Not at all the granola type, I never even considered Birkenstocks. Even during ’90s grunge, which I wholeheartedly embraced (after all, as a fashion editor in New York, I was at those runway shows), Birkenstocks were not on my style radar. They were shoes worn by people in Oregon. To me, Birkenstocks were the shoes of guys with long hair and thick wooly socks. No thank you.
I’ve stuck to that for the last twenty years, even as the social currency for hikers, makers, and locavores has risen. But now . . . Well, looking at these street style shots of indisputably elegant, chic, and just plain cool women, I’m re-thinking the Birkenstock. Maybe.
Birkenstock sandals hail from Germany, though to me they have a Dutch aesthetic. I must admit its minimalist vibe with these equally streamlined outfits. Should I?
Kate Moss wearing Birkenstocks with white jeans
Photographed by Corinne Day for Vogue, 1993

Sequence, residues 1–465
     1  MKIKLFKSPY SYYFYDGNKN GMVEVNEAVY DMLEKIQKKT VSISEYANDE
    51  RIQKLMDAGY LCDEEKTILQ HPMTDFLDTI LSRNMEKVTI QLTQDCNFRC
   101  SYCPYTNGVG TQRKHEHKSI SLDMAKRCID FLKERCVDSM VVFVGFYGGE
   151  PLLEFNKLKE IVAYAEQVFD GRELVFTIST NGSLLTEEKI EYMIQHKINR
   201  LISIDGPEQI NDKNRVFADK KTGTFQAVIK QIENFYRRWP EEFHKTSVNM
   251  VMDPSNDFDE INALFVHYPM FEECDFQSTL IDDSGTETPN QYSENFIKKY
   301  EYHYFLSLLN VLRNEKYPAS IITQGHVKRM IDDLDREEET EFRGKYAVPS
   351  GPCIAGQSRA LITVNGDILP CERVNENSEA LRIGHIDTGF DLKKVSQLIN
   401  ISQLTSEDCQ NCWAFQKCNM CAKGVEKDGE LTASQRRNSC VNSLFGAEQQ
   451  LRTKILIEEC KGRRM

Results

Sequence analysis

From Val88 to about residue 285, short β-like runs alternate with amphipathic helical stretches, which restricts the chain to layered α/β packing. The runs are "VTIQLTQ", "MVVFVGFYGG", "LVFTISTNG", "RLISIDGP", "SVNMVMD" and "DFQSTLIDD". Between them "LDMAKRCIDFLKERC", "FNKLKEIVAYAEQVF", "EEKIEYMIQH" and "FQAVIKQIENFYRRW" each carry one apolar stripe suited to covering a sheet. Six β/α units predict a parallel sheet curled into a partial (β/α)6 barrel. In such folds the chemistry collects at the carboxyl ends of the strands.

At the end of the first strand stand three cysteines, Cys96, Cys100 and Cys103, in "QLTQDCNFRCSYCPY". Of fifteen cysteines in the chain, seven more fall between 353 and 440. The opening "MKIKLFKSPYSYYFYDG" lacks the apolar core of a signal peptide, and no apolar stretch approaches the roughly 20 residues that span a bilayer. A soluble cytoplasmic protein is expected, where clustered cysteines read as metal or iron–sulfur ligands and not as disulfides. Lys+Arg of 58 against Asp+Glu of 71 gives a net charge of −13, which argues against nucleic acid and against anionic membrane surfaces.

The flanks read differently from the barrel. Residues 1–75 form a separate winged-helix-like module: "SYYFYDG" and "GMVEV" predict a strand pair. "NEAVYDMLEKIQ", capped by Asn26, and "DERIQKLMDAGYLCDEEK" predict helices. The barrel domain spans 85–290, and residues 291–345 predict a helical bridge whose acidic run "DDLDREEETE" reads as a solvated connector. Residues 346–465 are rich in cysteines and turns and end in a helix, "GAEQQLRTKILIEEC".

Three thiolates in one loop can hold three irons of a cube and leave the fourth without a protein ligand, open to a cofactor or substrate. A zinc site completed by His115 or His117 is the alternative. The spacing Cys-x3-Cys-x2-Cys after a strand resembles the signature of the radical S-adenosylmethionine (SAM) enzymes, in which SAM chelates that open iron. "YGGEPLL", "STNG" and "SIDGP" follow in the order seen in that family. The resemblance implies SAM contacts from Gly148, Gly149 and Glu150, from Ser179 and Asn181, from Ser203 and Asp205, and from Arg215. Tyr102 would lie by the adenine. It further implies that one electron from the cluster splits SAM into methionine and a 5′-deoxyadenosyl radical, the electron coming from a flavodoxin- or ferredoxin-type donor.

C E L E B S T Y L E
Ashley Olsen in black Birkenstock thongs
The Osen twins in Birkenstocks + socks (don’t do it)
R U N W A Y R E V I E W
Céine Spring 2013 | Marc Jacobs Spring 2014
H I S T O R Y L E S S O N
The Birkenstock sandal of today was developed in 1964 by Karl Birkenstock, whose grandfather registered the brand in 1774 in Germany, where they are still made. They’re designed with contoured cork and rubber footbeds that conform somewhat to the shape of one’s feet. It became popular in the U.S. among 1960s hippies. In the early 199s the look was revived. (Wikipedia likens that trend, popular among high-school and college-aged Gen Xers, as comparable to the popularity of flip-flops today.) Birks showed up on European runways for Spring 2013. The Birkenstock sandal has now made its way to street style around the globe.
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S H O P the L O O K